Cody is very well respected in the bass fishing community for his drop shot fishing abilities. I was able to get some tips on how he plucks fish from the lakes across the country with this finesse technique. He keeps the weight size pretty simple and only talked about four, but claims he really relies on just two. “Use the lightest weight you can, heavier weights take action away from the bait. I use three sixteenths or one-quarter ounce mostly. There are times in strong wind or fishing extra deep that I’ll go to three eighths, and conversely if shallow I’ve used as little as one eighth.” I asked him about the different shapes available and when to use them. “I use the tear drop shape. Cylinder shapes are good for grass or current and round shapes are great for dragging the bottom. However, I have found the tear drop shape is effective in all situations, I just stick with it.”

Cody and I got into a pretty good discussion about leader length, when to use what size. Cody always starts with a 10 inch to 1 foot leader and will work from there. He recommends that someone just learning go with a general 18 inches as it’s a great all around starting length and effective without getting to specific. Cody mentioned that leader length can get very specific, but someone just learning shouldn’t worry about it as much. Things that he takes into consideration are position of the fish to the bottom, how active they are, and what they are feeding on. “I have caught bass that would only feed when the bait was above their heads. I would have to put the weight in their face before they would take the bait above it. I have also used as small as 1 inch leaders; essentially a Texas rig would do the same thing. However, the short leader drop shot, presents the bait in a horizontal manner and can be more effective.” Cody went on to talk about line, “I use Berkley 100% Fluorocarbon in 6 to 10 pound test. I get more bites with lighter lines; the action is better. Heavier line hampers the action of the bait.” I continued along this line of questions trying to find out exactly how he works a drop shot. Cody was quick to say, “It’s not always a vertical presentation. I do a lot of casting and then let the bait pendulum back to the boat across structure. I’ve also found it productive to swim it through brush piles. The pendulum approach is great for catching suspended bass, it basically allows you to cover water while you try and find one under the boat.” In closing, I asked Cody what rod and reel he uses for his drop shot. He explained that a good drop shot rod runs in the 2 power. “You don’t need a lot of hook set power with this application, my Powell 712 M spinning rod is perfect.” As for reels Cody talked highly of the ABU Garcia Revo.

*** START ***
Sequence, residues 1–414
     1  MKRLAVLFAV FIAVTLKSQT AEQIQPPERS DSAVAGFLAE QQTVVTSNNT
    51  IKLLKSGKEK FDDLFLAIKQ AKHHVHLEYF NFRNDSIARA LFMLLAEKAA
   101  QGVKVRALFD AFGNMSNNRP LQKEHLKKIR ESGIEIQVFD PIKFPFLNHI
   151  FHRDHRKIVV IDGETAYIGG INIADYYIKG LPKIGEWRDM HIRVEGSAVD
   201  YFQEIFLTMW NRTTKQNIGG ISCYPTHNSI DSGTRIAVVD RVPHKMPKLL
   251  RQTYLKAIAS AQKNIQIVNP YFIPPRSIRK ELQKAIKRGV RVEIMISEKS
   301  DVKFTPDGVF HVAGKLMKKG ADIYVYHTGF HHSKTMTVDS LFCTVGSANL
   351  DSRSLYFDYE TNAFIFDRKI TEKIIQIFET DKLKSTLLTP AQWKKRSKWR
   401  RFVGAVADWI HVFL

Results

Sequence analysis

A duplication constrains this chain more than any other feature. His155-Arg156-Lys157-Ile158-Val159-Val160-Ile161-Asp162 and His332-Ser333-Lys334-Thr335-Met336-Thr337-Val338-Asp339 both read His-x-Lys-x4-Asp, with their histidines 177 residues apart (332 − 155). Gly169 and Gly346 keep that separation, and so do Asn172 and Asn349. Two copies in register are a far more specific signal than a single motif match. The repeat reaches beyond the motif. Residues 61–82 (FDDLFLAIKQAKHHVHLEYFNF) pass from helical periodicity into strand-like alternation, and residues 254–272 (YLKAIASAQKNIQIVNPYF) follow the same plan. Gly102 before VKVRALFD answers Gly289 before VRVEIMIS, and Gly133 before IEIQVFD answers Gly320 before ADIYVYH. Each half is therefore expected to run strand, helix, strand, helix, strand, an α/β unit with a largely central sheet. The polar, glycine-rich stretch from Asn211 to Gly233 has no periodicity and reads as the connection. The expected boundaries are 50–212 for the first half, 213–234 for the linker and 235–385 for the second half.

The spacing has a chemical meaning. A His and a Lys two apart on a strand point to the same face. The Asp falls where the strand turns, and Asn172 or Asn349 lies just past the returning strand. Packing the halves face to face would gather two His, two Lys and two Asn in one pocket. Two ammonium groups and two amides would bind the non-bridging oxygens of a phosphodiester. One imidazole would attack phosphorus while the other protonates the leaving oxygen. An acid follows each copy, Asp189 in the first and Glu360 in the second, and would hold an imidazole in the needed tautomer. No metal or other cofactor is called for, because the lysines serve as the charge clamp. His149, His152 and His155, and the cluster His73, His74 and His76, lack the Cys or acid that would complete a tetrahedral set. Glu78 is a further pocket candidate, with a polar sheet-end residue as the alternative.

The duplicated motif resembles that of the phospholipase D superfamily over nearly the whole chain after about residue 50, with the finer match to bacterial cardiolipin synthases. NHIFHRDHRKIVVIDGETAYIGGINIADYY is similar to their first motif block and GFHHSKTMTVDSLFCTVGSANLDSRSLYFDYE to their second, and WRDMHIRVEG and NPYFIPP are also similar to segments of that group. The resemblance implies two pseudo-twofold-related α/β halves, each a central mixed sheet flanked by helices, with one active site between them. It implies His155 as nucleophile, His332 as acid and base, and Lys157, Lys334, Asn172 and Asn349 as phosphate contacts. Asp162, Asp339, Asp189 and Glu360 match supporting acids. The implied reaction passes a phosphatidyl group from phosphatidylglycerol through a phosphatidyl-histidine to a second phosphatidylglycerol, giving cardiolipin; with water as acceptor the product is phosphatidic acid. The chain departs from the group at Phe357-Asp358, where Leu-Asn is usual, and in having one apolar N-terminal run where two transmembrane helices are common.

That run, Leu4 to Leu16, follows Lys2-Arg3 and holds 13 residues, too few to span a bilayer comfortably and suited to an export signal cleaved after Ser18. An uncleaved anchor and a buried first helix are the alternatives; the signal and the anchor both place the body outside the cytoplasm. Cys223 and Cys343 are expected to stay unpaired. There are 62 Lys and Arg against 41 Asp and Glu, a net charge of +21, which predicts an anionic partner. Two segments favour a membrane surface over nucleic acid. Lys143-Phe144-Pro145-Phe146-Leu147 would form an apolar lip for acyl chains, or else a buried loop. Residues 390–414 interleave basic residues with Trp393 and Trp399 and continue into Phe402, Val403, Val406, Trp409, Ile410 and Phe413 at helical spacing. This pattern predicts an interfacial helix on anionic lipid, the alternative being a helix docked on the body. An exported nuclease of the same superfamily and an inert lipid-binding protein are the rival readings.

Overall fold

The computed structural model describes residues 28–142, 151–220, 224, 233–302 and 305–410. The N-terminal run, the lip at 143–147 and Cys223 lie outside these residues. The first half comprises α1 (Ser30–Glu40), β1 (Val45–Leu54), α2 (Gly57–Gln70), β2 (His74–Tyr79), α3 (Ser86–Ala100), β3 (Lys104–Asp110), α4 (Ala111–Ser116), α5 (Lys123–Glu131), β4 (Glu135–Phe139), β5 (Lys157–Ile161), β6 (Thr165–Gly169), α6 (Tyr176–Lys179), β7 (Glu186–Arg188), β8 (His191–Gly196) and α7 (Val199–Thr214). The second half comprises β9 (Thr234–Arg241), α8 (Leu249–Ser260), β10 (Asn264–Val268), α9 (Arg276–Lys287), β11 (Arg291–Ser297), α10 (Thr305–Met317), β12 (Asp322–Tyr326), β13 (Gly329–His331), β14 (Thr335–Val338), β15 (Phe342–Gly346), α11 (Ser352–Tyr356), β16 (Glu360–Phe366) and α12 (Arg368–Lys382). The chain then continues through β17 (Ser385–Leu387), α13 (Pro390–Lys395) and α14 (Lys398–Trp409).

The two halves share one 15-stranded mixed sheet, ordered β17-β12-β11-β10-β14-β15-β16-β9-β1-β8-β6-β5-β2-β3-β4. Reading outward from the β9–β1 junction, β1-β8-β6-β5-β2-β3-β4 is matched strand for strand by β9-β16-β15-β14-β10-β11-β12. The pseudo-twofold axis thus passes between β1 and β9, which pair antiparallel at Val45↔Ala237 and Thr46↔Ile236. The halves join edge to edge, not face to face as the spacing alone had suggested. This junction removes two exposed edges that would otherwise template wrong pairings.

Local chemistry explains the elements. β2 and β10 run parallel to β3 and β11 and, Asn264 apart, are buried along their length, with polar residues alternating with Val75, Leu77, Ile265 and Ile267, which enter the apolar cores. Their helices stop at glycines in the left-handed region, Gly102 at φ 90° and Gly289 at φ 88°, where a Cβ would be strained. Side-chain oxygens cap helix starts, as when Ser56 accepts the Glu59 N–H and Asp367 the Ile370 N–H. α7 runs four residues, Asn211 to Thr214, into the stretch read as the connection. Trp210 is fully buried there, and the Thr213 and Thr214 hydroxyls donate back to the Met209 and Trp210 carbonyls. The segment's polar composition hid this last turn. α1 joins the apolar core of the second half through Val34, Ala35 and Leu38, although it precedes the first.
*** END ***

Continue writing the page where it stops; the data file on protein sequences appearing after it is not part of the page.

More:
Cody has made some very impressive finishes relying on various structure and his electronics. Next time you hit your favorite lake think structure and off shore. Hopefully, you’ll see it in a different light and put some of Cody’s experience to work for you.

Get the Net it’s a Hawg
Mike Cork